Children held in a NSW youth justice facility have been issued second hand underwear, in a practice the prisons watchdog describes as unhygienic and unacceptable.
The used underpants issue was one of several concerns highlighted by NSW’s Inspector of Custodial Services in a report published on Tuesday, following the watchdog’s visits to the state’s six youth justice centres in 2019.
At the same facility, Acmena Youth Justice Centre in South Grafton, children and young people were held in confinement without mattresses and bedding, which the Inspector says is possibly illegal.
Officers also switched off water in confinement rooms, forcing young people to ask for water to be turned on so they could flush the toilet. Sometimes officers also removed toilet paper from the rooms.
“Young people must ask staff for toilet paper and a staff member was observed by the inspection team measuring toilet paper to give to a young person in a holding room,” the report reads.
“This treatment of a child is degrading.”
Acmena has a particularly high proportion of Aboriginal residents. At the time of the July 2019 inspection, over two thirds of young people were Aboriginal but it is not uncommon for 85 per cent to be Aboriginal.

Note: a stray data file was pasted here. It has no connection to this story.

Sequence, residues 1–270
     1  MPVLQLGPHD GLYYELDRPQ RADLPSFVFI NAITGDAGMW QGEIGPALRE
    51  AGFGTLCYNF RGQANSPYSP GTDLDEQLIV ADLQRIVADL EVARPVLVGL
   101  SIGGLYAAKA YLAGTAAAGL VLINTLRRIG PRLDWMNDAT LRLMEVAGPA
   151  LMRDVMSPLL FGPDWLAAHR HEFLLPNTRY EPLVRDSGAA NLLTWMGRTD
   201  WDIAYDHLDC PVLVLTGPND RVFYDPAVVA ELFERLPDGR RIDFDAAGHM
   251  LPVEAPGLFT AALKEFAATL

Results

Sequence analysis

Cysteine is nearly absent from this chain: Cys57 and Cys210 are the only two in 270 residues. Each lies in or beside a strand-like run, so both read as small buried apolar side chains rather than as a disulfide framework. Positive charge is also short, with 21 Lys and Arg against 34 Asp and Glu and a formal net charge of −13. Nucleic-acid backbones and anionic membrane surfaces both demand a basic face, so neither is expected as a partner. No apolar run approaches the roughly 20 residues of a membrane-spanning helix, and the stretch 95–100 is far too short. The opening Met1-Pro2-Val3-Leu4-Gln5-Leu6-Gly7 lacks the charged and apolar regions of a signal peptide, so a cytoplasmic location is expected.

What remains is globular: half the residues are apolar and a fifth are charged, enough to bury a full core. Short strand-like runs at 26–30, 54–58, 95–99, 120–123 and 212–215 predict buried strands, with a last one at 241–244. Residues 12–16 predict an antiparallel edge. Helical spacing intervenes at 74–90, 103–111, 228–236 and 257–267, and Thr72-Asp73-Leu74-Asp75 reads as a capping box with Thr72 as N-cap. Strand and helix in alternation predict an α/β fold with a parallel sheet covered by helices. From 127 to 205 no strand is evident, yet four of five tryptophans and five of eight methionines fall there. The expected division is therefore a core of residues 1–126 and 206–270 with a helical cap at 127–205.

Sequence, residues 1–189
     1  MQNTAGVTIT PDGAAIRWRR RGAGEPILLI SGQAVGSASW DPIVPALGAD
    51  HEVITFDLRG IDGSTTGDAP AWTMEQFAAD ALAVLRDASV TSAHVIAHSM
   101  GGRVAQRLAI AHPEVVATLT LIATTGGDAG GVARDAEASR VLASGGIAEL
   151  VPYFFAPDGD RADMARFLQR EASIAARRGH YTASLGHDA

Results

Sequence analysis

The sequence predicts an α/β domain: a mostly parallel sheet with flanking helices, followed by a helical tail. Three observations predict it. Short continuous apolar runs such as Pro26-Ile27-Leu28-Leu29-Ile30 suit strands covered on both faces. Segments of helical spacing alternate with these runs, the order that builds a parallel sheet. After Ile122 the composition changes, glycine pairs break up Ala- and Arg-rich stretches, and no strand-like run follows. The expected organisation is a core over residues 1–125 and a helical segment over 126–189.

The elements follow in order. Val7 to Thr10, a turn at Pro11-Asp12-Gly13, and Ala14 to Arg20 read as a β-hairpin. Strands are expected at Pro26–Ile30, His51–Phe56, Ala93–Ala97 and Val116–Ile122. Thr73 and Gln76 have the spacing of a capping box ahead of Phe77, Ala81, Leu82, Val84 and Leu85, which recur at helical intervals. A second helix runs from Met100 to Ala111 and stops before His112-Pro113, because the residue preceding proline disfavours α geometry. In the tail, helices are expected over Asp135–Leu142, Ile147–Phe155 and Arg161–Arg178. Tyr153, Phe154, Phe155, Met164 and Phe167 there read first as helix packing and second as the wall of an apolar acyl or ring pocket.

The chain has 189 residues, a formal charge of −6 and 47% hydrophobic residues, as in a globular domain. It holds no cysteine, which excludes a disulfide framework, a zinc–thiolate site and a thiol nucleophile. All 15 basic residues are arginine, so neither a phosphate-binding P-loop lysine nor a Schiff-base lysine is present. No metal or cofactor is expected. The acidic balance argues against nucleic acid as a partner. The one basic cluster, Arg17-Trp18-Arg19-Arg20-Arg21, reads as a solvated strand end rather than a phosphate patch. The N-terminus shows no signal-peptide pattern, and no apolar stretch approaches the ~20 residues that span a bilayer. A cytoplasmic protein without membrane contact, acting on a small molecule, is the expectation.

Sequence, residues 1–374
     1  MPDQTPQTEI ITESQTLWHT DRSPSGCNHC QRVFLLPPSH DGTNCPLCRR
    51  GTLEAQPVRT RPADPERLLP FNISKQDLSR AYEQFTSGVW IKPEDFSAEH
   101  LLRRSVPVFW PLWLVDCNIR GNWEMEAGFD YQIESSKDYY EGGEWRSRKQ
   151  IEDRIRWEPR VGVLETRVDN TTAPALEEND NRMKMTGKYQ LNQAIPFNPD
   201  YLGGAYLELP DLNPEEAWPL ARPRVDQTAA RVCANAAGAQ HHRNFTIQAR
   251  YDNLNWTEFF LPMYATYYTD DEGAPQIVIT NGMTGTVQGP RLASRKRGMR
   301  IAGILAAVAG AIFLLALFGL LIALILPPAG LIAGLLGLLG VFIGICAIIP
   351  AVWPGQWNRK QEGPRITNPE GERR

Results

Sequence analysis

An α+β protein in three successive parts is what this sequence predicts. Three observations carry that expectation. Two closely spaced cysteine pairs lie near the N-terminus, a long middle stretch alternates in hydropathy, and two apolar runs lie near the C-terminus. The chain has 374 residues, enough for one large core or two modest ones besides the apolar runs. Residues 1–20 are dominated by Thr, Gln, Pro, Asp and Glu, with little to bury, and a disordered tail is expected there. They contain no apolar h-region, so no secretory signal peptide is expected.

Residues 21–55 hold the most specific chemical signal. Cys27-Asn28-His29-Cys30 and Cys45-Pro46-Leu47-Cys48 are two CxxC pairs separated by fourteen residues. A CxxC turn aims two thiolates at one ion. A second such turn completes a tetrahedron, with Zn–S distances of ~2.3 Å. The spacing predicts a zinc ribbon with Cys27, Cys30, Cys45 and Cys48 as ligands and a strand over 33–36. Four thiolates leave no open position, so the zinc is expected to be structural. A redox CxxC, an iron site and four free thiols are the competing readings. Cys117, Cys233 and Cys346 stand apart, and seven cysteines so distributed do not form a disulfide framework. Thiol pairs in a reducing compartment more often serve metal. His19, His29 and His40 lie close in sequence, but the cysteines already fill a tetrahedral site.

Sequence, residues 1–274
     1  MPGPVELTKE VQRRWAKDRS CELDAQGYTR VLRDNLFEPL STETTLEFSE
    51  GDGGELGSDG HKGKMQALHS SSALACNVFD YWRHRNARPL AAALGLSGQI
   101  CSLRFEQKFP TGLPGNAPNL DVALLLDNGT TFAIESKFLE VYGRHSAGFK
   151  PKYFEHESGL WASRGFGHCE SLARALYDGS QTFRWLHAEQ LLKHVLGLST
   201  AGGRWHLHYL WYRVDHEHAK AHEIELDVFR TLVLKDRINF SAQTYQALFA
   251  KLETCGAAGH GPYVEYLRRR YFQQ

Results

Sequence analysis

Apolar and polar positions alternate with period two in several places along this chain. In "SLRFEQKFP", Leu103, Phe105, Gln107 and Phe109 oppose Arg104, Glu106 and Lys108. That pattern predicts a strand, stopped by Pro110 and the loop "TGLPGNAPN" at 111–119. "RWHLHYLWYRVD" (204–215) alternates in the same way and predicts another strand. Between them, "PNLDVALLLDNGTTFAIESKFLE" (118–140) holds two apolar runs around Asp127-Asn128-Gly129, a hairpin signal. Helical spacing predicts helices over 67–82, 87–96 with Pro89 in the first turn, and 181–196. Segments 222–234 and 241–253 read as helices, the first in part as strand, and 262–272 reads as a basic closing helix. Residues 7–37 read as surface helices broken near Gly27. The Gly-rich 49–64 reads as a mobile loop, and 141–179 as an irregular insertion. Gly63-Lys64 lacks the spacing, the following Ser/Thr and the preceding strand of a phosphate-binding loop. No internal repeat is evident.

The facility also had “visibly dirty and foul smelling” holding rooms, which had been used to confine children despite being “unacceptable” to hold young people in for even a short period of time. A shower area was not clean and did not meet an acceptable standard of hygiene.
Though the centre mainly holds males, young women and girls are sometimes held at Acmena for short periods of time. The toilet in one holding room for girls was visible from the officer’s room, the inspector found, recommending a privacy screen.
The hygiene issues had been addressed by the time of a follow-up visit in May 2020, the inspector says, and the centre manager issued a direction for the practice of issuing second hand underwear to stop when it was flagged with them.
A number of centres had reduced the amount of food being provided to young people after being directed to save costs by Youth Justice NSW, the report says.
At Acmena, the menu did not meet the recommended standard for food and nutrition after staff reduced the amount of meat in some meals.
The report also raised concerns over staff carrying out illegal, routine partial body searches because they were unaware that the laws and policies about searching children in facilities had changed.
“Overall, staff were very engaged throughout the inspection process and we spoke to many staff that perform an outstanding job in challenging circumstances,” Inspector of Custodial Services, Fiona Rafter, said in a statement.
“However, we also found a number of centres where staff needed additional training. It is important that YJNSW continues to invest in staff and to provide ongoing training to ensure the safety and wellbeing of staff and young people at YJCs.”
Ms. Rafter’s office inspects youth justice facilities every three years, looking at the safety and wellbeing of young people in custody, as well as the security and management of every Centre in the state.